Kalamazoo Township's decision to de-commission and discontinue its tornado warning sirens this year has some local residents upset.

As WOOD-TV reported late last year, the Kalamazoo Township decision is based on the cost of maintaining the system and the lack of availability of replacement parts. An internal estimate figures a price tag of over $250,000 to attempt to bring the existing system back to the operational level it was a decade ago.

Kalamazoo Township has a total of nine pole-mounted tornado sirens. Four are mounted at the fire stations and were installed in the 1960s. An additional five were donated to the township in 2004 by the Palisades Power Plant. At the time of donation, those five sirens were already 15 years old. - WOOD TV

The warning siren system's original intent was to complement other methods of notification, i.e., radio, weather radio, television, and more recently, cellphones, as a method of outdoor warning.

But as this news is being spread, some are not happy with the change. A quick scan of the discussion on the Vanished Kalamazoo Facebook page shows many are expressing concern for seniors who are not as tech savvy as others.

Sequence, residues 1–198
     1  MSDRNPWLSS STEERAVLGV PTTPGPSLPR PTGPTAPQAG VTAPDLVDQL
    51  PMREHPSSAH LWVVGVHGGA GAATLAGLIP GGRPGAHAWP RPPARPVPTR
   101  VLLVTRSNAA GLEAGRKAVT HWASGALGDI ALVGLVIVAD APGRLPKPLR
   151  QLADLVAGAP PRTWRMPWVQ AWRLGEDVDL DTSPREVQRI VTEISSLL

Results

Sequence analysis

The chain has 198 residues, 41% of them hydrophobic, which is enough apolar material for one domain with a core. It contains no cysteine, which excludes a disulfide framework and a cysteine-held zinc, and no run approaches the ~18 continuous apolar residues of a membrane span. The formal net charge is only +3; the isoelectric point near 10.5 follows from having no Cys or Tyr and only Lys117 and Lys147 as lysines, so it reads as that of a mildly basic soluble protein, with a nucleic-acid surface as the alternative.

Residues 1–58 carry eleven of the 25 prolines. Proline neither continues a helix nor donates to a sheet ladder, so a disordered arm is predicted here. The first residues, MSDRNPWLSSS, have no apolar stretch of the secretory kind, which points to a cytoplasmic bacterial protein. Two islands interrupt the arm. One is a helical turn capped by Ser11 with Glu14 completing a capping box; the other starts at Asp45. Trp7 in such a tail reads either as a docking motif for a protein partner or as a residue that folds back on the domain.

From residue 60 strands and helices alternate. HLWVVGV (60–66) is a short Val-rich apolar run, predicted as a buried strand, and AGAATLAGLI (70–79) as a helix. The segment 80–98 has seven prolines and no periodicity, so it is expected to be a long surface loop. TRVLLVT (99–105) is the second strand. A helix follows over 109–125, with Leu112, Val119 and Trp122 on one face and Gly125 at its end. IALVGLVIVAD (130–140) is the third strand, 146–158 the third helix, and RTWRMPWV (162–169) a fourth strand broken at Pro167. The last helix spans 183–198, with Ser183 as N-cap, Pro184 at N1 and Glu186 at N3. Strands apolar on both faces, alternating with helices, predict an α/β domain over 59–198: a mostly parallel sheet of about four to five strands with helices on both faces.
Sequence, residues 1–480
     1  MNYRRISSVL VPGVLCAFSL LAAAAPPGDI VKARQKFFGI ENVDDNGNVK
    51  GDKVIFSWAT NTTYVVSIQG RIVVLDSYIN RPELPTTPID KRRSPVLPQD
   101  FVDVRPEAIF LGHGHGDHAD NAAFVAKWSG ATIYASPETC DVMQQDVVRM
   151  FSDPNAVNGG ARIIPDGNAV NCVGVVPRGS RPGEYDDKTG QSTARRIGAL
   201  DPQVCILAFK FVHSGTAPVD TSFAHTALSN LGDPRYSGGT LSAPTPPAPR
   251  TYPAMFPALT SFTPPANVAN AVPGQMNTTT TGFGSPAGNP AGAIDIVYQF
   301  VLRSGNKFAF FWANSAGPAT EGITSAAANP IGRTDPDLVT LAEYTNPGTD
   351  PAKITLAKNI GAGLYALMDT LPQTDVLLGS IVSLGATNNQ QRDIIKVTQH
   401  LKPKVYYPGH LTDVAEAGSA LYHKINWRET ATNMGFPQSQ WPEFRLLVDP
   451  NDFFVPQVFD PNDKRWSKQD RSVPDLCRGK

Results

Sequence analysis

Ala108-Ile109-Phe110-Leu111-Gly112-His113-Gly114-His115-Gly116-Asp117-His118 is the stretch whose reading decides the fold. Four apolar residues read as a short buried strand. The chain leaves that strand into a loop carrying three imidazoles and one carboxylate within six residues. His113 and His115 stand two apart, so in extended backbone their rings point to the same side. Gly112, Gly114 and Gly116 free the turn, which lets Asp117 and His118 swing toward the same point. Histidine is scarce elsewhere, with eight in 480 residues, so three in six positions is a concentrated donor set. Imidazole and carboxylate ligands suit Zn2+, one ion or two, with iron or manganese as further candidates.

Cathy Boris saying, "Many senior citizens may be totally out of touch with what’s going on."

Debra Dinstett-Mejeur echoed that comment: "I've been through a tornado at night without sirens. It hit a senior citizen community. Multiple injuries but no deaths. We don't have our cell phones on or in the bedroom during the night. We wouldn't know until it's too late.

But adding some perspective is Paul Mejia" "The official name of these devices is “outdoor warming sirens” and there are no guarantees they will be heard indoors within the range they were designed to be heard outside. We now have cellular message alerts and NOAA SAME radios are also effective. It was just a matter of time before the old warning sirens would become obsolete."

The story says, "For Kalamazoo Township residents uncomfortable using smartphones to get weather information or alerts, board members say they will be providing weather alert devices at cost so everyone in their community can stay safe."

Another thing to remember is a tornado could wipe out a cell tower or two in a storm, reminding us that no system is perfect when extreme weather conditions exist.

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